Okay, if you google preparing a killer a presentation there’s like a million and one hits, so why one more? Because I’m not going to tell you it’s all about your power point, the clothes you wear, or how you use a microphone. All of those things are important, but together they won’t make for a killer presentation. Preparing a killer presentation is more personal.
Memorize Names, Faces, and Responsibilities
While presenting to a small business on leadership, I went around the table and recognized each of the dozen or so attendees by name and their position within the organization. Before any meeting that I facilitate with an organization, I go to their website and look at their about page. Most about pages include a meet the team section with photos and titles. Last year I presented to a leadership organization with more than 30 active members. I greeted most of them by name.
I attended a small business lecture sponsored by a local financial institute; there were ten attendees. The speaker introduced herself and then went around the table with introductions and an icebreaker. Later she attempted to engage individuals, which is a good thing. However, she would call on people by their clothing, for example, “Orange sweater, what would you do?” Yea.
Engage Your Audience
I conducted a leadership development meeting with a group of 11 managers’ last week. It was the third presentation I’d given to this group. Near the end, one of the attendees told me how much she enjoyed my presentations. I asked her why and she said, “Because the hour goes by fast and is never boring.” I followed up by asking her how I accomplished this and she said, “Because you ask us questions.”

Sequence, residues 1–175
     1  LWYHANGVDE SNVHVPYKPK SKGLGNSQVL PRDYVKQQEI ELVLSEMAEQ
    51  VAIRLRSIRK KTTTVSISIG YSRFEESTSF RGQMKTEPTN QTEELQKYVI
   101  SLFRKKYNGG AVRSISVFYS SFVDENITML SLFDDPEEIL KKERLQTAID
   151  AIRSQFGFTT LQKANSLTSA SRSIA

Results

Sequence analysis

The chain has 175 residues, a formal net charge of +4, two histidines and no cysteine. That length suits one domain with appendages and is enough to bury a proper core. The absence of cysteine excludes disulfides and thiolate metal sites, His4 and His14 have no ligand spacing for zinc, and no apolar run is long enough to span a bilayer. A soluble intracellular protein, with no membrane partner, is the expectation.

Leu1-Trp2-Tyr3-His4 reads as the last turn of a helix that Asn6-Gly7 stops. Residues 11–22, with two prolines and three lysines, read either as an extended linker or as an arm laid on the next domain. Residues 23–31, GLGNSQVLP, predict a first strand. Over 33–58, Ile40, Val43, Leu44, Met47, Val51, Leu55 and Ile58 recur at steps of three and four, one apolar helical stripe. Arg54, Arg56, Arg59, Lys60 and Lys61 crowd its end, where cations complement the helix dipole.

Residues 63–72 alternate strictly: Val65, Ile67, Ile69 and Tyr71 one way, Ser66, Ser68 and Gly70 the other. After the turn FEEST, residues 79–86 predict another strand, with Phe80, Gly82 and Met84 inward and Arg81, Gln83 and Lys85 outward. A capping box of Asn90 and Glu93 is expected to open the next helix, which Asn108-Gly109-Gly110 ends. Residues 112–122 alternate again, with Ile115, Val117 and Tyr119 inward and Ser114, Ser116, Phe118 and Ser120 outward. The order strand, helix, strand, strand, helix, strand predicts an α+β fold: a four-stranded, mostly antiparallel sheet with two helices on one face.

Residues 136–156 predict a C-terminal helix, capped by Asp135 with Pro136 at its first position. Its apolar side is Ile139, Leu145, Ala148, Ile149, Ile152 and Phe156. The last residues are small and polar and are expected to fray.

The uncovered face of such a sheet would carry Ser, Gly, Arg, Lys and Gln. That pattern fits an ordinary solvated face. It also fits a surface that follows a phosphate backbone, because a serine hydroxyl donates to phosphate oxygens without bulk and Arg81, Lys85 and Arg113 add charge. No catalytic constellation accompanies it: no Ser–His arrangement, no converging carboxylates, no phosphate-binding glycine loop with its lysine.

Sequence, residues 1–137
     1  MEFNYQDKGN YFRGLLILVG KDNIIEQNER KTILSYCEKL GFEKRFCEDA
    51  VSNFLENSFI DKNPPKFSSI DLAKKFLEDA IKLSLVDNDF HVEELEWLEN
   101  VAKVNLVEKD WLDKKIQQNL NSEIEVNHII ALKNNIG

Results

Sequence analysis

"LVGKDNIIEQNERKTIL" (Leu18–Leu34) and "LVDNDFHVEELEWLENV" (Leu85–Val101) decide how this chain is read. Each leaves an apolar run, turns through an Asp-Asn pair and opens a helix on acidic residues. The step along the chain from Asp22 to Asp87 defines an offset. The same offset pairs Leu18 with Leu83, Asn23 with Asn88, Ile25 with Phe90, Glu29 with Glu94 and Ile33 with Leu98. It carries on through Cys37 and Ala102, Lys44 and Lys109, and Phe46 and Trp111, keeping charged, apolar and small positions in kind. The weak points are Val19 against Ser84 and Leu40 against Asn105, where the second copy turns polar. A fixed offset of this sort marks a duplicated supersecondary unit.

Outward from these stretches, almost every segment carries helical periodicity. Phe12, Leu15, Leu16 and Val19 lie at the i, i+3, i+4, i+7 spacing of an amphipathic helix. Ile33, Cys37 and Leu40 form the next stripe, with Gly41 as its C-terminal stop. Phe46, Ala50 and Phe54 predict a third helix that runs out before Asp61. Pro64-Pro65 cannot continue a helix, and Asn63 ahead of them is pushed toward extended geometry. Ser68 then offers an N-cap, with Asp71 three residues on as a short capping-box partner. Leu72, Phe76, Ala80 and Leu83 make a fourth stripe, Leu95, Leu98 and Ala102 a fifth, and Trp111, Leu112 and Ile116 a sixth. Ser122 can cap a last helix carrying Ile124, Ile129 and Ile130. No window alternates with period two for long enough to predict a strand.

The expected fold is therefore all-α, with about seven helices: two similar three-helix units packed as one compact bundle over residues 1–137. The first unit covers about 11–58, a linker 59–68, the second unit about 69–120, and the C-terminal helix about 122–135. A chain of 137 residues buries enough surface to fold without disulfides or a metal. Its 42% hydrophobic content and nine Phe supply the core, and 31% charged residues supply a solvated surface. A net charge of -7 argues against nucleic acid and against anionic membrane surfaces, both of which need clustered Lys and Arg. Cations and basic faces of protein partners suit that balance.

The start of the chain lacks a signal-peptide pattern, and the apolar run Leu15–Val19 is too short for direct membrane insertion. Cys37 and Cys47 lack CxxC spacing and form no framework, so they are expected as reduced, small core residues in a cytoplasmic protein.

Conversely, I attended a discussion where the facilitator spent the first 15 minutes lecturing, and then took over the conversation, occasionally asking leading questions such as, you agree, don’t you?
Another easy way to engage your audience is old-fashioned yet effective. Fill in the blank sheets are an easy way to involve your audience.
Engaging your audience isn’t complicated, ask them questions, learn what they know, and help them solve problems.
Create a Call to Action
How many meetings, seminars, conferences, and presentations have you sat through where little or nothing was done but talk? You can’t talk stuff done. I begin nearly every meeting with a CTA, which is sharing my goal for the meeting that each attendee take-away one action to commit to implementing. I conclude most sessions by asking each attendee for their action plan, making note of the plans, and then following up or giving the list to the team’s leader.
Have you ever begun a meeting with an icebreaker? It’s a fun way to get a meeting started. I attended a meeting with eight others where the meeting leader divided the attendees into three teams. Each was given a deck of cards and then told they had five minutes to build the tallest card house possible. It was interesting to watch these leaderless groups in action, how they innovated, communicated, and worked together. It was fun.
I like to poke fun at myself when I’m presenting. At a meeting I was giving I admitted I had deleted the word “rural” from my outline because it was difficult for me to pronounce. I went on to awkwardly attempt to say it. The group laughed with me; several shared that it was difficult for them as well and it helped us bond.
Preparing a Killer Presentation
Creating a killer presentation is more than writing an outline and producing visuals – nothing wrong with that, it’s just that many presenters think that’s what it takes to create a killer presentation. The outline and visuals are only the beginning. Regardless of how professional they are if you don’t know your audience, engage them, send a call to action, and have fun then you might have a good presentation, but not a memorable one. Do you want to kill your next presentation? If so you know what to do.
Photo Credit: Classroom Application Author: WolfVision GmbHID: 17790954856 Provider: Flickr